OF TRAIL CONSTRUCTED
For over 15 years, Alaska Trails has teamed up with partners across the state to build, maintain and advocate for more and better trails. While 2020 didn't go exactly as planned, we still accomplished a lot. Check out some of the highlights from our year below!
Little O'Malley Peak Trail
Working in partnership with Chugach State Park and the Chugach Park Fund, who initially raised funds for the Little O'Malley Peak Trail to celebrate CSP’s 50th Anniversary, we were able to hire our first ever paid trail crew, design, and construct the first section of this new trail. The O’Malley Gully Trail, providing the link from a popular trail head to a higher alpine landscape below O’Malley Peak, has become increasingly popular over the past five years. However, the toll on the landscape has become more evident each year as users struggle with the steep and eroding trail. A great deal of thought was put into the design of the trail to ensure hikers will not cut the new switchbacks and create erosion problems, and the lower grade will hopefully help alleviate the need for trail rescues, which are a problem on the old O’Malley Gully Trail. Additional funding from the Anchorage Trail Care Fund and the CARES Act allowed us to retain our paid crew until fall, successfully completing and opening this first section of trail just before the first snow fell.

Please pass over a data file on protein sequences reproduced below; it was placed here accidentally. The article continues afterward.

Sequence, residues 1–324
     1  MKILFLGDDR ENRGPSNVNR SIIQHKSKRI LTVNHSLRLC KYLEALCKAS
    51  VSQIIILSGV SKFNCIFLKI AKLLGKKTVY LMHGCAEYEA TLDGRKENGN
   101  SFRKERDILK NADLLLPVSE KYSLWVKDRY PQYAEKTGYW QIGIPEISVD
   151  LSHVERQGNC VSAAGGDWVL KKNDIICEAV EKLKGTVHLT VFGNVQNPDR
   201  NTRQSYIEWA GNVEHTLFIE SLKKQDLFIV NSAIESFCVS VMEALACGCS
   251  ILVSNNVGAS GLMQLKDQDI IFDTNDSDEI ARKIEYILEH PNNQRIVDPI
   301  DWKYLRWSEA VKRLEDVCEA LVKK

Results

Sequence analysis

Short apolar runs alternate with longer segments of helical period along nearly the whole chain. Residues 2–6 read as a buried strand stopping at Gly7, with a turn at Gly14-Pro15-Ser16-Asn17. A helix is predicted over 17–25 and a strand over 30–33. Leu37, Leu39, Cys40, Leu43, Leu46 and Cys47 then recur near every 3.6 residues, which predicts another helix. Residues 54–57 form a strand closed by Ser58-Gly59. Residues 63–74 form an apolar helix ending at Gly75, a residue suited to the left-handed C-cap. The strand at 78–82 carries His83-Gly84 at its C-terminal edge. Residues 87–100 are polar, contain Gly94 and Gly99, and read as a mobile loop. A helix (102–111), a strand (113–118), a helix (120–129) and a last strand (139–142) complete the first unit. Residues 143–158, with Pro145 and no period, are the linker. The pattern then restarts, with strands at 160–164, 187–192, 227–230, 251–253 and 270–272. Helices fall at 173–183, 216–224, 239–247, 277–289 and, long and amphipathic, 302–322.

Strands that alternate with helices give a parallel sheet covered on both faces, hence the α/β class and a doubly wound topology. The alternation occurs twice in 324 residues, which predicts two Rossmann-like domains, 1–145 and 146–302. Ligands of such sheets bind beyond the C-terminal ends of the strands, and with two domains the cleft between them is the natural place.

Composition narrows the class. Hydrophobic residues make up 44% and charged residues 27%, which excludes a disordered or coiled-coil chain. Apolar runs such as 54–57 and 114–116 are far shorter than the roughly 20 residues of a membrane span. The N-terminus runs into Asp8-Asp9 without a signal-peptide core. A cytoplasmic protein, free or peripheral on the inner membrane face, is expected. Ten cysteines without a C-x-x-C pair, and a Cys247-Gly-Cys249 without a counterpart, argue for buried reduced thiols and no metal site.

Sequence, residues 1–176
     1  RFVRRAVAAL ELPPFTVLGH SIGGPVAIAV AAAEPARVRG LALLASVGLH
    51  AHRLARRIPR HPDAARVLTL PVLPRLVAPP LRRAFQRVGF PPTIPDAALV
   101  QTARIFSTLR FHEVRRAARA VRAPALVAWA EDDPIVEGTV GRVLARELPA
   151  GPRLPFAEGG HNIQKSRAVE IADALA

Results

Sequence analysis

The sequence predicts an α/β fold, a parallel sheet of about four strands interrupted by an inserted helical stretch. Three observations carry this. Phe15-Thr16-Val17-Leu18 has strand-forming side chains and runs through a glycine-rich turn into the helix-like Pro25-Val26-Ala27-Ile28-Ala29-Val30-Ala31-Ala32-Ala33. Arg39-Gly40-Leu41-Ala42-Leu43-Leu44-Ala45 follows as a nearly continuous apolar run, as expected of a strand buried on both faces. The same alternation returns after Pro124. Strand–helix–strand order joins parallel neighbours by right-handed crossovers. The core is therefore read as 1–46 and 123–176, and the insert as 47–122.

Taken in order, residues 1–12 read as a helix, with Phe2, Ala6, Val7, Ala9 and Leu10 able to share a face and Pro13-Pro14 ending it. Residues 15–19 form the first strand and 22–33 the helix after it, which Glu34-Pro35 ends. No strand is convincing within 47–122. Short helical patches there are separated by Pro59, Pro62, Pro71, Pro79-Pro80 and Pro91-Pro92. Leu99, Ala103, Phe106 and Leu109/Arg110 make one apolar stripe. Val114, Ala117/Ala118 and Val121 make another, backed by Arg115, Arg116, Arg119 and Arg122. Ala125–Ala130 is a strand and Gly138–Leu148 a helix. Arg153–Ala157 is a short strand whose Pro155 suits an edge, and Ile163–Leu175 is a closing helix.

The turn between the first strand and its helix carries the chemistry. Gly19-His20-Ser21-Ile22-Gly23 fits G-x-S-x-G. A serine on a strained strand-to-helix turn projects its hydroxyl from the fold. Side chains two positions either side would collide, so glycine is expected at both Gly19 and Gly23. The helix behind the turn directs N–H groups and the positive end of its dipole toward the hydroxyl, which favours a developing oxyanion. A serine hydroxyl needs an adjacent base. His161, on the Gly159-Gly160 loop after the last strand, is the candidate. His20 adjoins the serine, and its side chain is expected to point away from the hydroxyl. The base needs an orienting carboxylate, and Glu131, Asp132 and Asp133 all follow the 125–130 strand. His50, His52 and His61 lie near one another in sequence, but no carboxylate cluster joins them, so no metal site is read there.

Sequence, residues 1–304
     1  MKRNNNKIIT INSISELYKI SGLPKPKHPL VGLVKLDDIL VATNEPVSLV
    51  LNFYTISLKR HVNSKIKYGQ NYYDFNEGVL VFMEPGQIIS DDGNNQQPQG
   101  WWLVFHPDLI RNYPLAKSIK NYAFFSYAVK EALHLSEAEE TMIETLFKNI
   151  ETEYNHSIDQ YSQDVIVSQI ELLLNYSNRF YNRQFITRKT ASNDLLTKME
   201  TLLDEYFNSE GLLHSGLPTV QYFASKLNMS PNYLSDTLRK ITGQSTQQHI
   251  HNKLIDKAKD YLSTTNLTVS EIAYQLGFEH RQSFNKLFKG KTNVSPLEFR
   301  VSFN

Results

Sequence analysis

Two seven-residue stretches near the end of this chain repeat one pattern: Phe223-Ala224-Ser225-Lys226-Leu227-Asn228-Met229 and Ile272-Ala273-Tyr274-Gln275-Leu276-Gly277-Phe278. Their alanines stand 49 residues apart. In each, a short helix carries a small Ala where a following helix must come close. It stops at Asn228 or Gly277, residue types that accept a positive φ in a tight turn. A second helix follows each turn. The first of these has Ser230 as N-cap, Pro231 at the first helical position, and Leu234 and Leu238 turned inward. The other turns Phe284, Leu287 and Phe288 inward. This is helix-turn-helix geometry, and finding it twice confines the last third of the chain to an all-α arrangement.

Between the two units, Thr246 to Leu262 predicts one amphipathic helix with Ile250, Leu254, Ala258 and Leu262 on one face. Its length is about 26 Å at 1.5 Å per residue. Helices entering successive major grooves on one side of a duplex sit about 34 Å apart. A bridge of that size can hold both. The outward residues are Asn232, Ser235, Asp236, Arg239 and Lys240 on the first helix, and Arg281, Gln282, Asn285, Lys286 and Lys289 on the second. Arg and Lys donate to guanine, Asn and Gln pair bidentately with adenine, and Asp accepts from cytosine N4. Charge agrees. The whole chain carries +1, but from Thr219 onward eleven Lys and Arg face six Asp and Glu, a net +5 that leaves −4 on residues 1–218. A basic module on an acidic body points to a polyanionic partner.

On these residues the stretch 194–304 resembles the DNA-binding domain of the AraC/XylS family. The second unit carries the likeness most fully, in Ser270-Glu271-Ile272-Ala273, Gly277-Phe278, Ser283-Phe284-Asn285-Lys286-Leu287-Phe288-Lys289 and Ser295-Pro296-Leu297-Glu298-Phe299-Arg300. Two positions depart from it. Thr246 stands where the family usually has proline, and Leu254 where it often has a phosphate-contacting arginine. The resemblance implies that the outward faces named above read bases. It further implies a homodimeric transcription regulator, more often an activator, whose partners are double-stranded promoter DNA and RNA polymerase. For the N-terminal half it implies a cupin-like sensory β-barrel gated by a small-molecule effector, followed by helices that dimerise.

Middle Fork Trail Crew
Through CARES Act funding from the Municipality of Anchorage, Alaska Trails also hired a crew to work on the popular Middle Fork trail in Chugach State Park (CSP). CSP and Alaska Trails completed the first part of this reroute in 2019. In 2020, the crew completed about 0.4 miles of new trail and maintained about 0.5 miles of volunteer-built trail from 2019. The reroute will replace an unsustainable fall line section of the trail. The new trail is being built utilizing sustainable contour-linear, full bench construction. This sustainable trail building practice will mean that the trail will be enjoyable, long-lasting and need less maintenance than the current trail. The Middle Fork trail is a very popular trail in CSP and has seen continuous improvements over the last 10 years. This is the last unsustainable stretch left to be improved. The rising popularity of winter biking, allowed on this trail, highlights the need to finish the upgrades. The improvements will help mitigate conflicts between different user groups and minimize high-speed wildlife encounters.